176. The class of fractions which arise from dividing a unit into ten equal parts, then subdividing each of

Quest.-175. What are fractions ? From what do the parts take their name? 176. What are decimal fractions? Why called decimals ?

these parts into ten other equal parts, and so on, are called decimal fractions; because they decrease regularly by tens, or in a ten-fold ratio. (Art. 10. Obs. 2.)

177. Each order of integers or whole numbers, it has been shown, increases in value from units towards the left in a ten-fold ratio ; (Art. 9;) and, conversely, each order must decrease from left to right in the same ratio, iill we come to units place again.

178. By extending this scale of notation below units towards the right hand, it is manisest that the first place on the right of units will be ten times less in value than units place; that the second will be ten times less than the first; the third, ten times less than the second, &c.

Thus we have a series of places or orders below units, which decrease in a ten-fold ratio, and exactly correspond in value with tenths, hundredths, thousandths, &c.

179. Hence, to express Decimal Fractions, or fractions whose denominator is 10, 100, 1000, &c.

Write simply the numerator with a point (.) before it, to distinguish the fractional parts from whole numbers.

For example, to may be written thus .l; fo thus .2;

thus .3; &c.; jho may be written thus .01, putting the 1 in hundredths place; Tóõ thus .05 ; &c. That is, tenths are written in the first place on the right of units ; hundredths in the second place; thousandths in the third place, &c.

180. The denominator of a decimal fraction is always 1 with as many ciphers annexed to it as there are figures in the numerator, and need not be expressed.

Obs. The point placed before decimals, is often called the Separatrix.

Quest.–177. In 'what manner do whole numbers increase and decrease? 178. By extending this scale below units, what would be the value of the first place on the right of units? The second ? The third ? With what do these orders correspond? 179. How are decimal fractions expressed ? 180. What is the denominator of a decimal fraction ? Obs. What is the point placed before decimals called ?

181. The names of the different orders of decimals or places below units, may be easily learned from the following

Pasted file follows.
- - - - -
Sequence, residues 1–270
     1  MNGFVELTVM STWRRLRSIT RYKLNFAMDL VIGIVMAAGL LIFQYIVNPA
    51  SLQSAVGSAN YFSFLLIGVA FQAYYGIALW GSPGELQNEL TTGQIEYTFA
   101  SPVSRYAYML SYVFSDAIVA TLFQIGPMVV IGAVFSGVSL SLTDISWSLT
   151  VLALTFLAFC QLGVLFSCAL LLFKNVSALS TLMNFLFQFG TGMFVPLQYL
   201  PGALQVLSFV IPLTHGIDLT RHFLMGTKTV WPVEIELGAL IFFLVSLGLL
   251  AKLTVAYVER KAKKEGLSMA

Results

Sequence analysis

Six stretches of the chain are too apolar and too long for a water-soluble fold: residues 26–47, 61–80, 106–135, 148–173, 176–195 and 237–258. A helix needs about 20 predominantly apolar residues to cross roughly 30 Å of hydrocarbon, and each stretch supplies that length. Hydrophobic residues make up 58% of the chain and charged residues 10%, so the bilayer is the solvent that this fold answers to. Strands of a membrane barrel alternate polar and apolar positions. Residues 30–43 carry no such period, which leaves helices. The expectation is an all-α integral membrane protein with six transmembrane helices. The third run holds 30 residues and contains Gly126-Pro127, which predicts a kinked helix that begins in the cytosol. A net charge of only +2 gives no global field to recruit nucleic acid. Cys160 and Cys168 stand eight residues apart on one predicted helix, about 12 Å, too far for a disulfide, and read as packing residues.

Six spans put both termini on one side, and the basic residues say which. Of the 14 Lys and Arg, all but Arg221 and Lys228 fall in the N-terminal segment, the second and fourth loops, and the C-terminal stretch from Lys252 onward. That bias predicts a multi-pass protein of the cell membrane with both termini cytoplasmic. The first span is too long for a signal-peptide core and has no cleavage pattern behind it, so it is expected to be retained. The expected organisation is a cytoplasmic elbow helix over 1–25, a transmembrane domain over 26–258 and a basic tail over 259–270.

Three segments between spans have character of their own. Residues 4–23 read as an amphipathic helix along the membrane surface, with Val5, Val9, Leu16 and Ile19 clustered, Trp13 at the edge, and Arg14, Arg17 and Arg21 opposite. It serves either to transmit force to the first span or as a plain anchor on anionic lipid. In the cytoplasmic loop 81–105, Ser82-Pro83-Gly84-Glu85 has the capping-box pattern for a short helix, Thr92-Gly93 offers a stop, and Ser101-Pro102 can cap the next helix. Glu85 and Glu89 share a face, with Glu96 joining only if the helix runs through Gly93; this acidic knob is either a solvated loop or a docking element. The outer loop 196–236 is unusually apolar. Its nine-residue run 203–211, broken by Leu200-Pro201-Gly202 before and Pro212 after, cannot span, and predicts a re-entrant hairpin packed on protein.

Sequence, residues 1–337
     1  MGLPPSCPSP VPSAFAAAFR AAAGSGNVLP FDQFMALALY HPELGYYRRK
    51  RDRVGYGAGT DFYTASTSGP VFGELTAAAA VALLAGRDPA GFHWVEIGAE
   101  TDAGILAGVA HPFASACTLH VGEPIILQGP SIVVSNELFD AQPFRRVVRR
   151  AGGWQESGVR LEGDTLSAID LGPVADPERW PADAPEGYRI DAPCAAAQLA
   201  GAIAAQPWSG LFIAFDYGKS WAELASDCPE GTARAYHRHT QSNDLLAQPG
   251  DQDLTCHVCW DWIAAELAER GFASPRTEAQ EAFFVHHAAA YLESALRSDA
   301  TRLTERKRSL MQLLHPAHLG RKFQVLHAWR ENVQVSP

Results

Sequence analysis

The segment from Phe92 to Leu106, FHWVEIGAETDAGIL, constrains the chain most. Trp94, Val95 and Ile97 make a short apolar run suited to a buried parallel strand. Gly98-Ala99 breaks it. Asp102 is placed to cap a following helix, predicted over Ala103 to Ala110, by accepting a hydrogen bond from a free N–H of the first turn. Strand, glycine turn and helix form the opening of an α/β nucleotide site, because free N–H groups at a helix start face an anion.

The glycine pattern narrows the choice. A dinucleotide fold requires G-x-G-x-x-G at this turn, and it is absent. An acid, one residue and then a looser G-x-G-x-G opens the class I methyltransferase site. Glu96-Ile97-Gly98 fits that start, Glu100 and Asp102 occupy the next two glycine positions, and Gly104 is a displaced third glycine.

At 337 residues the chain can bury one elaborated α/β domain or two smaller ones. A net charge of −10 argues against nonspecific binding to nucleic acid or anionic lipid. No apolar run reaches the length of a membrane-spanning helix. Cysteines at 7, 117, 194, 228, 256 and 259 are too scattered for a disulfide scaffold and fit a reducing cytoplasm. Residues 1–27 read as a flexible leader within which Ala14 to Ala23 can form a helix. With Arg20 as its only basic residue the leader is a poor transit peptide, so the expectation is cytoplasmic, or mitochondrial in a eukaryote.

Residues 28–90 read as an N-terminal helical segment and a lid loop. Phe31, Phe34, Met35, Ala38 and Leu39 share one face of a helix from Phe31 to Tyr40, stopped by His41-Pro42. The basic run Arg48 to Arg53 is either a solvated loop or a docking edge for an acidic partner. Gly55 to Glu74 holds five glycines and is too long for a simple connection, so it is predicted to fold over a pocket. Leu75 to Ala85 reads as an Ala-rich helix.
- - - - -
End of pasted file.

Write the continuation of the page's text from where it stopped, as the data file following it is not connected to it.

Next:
DECIMAL TABLE.

A Hundreds.

(Decimal Point.)
Ten thousandths.
Thousandths.

Hundredths.
A Hundred thousandths.

Ten millionths.
Hundred millionths.

Tenths.
er Millionths.

Tens.
v Hundred billionths.

Ten billionths.
w Units.
a Billionths.
A Trillionths, &c.

182. It will be seen from this Table that the value of each figure in decimals, as well as in whole numbers, depends upon the place it occupies, reckoning from units. Thus, if a figure stands in the first place on the right of units, it expresses tenths; if in the second, hundredths, &c.; each successive place or order towards the right, decreasing in value in a tenfold ratio. Hence,

183. Each removal of a decimal figure one place from units towards the right, diminishes its value ten times.

Prefixing a cipher, therefore, to a decimal diminishes its value ten times; for it removes the decimal one place farther from units' place. Thus .4=ro; but .04=10 and .004=160o, &c.; for the denominator to a decimal fraction is 1 with as many ciphers annexed to it as there are figures in the nunerator. (Art. 180.)

Annexing ciphers to decimals does not alter their value; for each significant figure continues to occupy the same place from units as before. Thus,.5=fó; 50.50=

or jó, by dividing the numerator and denominator by 10; (Art. 116;) and .500=, or fo, &c.

50 100

Quest.--181. Repeat the Decimal Table, beginning units, tenths, &c. 182. Upon what does the value of a decimal depend ? 183. What is the effect of removing a decimal one place towards the right? What then is the effect of prefixing ciphers to decimals? What, of annexing them?